The Technique of Islamic Bookbinding

Methods, Materials and Regional Varieties

Series:

The Technique of Islamic Bookbinding is the first monograph dedicated to the technical development of the bookbinding tradition in the Islamic world. Based on an assessment of the extensive oriental collections in the Leiden University Library, the various sewing techniques, constructions and the application of covering materials are described in great detail. A comparative analysis of the historic treatises on bookbinding provides further insight into the actual making of the Islamic book. In addition, it is demonstrated that variations in time and place can be established with the help of distinctive material characteristics. Karin Scheper’s work refutes the current perception of Islamic bookbinding as a weak structure, which has generally but erroneously been typified as a case-binding. Instead, the author argues how diverse methods were used to create sound structures, thus fundamentally challenging our understanding of the Islamic bookbinding practice.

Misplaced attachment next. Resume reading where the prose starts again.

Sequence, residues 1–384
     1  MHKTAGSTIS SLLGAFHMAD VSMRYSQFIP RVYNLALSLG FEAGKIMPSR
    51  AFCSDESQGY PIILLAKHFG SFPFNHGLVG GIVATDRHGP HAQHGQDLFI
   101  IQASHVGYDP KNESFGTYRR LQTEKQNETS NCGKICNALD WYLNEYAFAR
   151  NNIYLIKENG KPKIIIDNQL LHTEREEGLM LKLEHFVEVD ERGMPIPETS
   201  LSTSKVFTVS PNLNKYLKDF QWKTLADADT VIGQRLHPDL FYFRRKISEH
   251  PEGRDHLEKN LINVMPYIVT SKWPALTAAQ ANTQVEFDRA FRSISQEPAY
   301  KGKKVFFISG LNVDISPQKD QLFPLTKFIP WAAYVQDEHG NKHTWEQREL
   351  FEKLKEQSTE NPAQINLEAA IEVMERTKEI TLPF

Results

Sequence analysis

Karin Scheper has been awarded the De La Court Award 2016 by The Royal Netherlands Academy of Arts and Sciences for The Technique of Islamic Bookbinding!

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EUR €143.00USD $188.00

Biographical Note

Karin Scheper, Ph.D. (Leiden, 2014), is a conservation specialist at the University Library Leiden. She has published on various topics, but concentrates on Islamic manuscripts in both her conservation practice and scholarly research.

Table of contents

ACKNOWLEDGEMENTS

INTRODUCTION
Books as material culture
The technique of Islamic bookbinding
A biased opinion
Understanding in order to preserve
A codicological framework
Physical examination of the Leiden collections
The context
The anatomy of the Islamic codex